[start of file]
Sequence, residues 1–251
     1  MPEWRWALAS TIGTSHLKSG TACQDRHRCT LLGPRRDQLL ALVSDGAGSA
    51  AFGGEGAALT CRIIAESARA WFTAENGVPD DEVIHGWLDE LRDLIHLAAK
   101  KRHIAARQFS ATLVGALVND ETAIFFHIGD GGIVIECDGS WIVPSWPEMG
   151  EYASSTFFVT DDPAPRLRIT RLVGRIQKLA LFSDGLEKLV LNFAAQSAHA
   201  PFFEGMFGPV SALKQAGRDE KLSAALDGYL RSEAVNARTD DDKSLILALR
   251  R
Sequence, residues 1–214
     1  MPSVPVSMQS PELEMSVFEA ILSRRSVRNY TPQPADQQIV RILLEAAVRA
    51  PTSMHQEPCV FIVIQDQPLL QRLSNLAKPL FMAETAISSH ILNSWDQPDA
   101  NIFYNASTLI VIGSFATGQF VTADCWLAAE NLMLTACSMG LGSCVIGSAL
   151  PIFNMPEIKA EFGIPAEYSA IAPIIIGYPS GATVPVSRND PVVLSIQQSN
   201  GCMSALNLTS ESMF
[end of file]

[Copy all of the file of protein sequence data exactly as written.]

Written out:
Sequence, residues 1–251
     1  MPEWRWALAS TIGTSHLKSG TACQDRHRCT LLGPRRDQLL ALVSDGAGSA
    51  AFGGEGAALT CRIIAESARA WFTAENGVPD DEVIHGWLDE LRDLIHLAAK
   101  KRHIAARQFS ATLVGALVND ETAIFFHIGD GGIVIECDGS WIVPSWPEMG
   151  EYASSTFFVT DDPAPRLRIT RLVGRIQKLA LFSDGLEKLV LNFAAQSAHA
   201  PFFEGMFGPV SALKQAGRDE KLSAALDGYL RSEAVNARTD DDKSLILALR
   251  R
Sequence, residues 1–214
     1  MPSVPVSMQS PELEMSVFEA ILSRRSVRNY TPQPADQQIV RILLEAAVRA
    51  PTSMHQEPCV FIVIQDQPLL QRLSNLAKPL FMAETAISSH ILNSWDQPDA
   101  NIFYNASTLI VIGSFATGQF VTADCWLAAE NLMLTACSMG LGSCVIGSAL
   151  PIFNMPEIKA EFGIPAEYSA IAPIIIGYPS GATVPVSRND PVVLSIQQSN
   201  GCMSALNLTS ESMF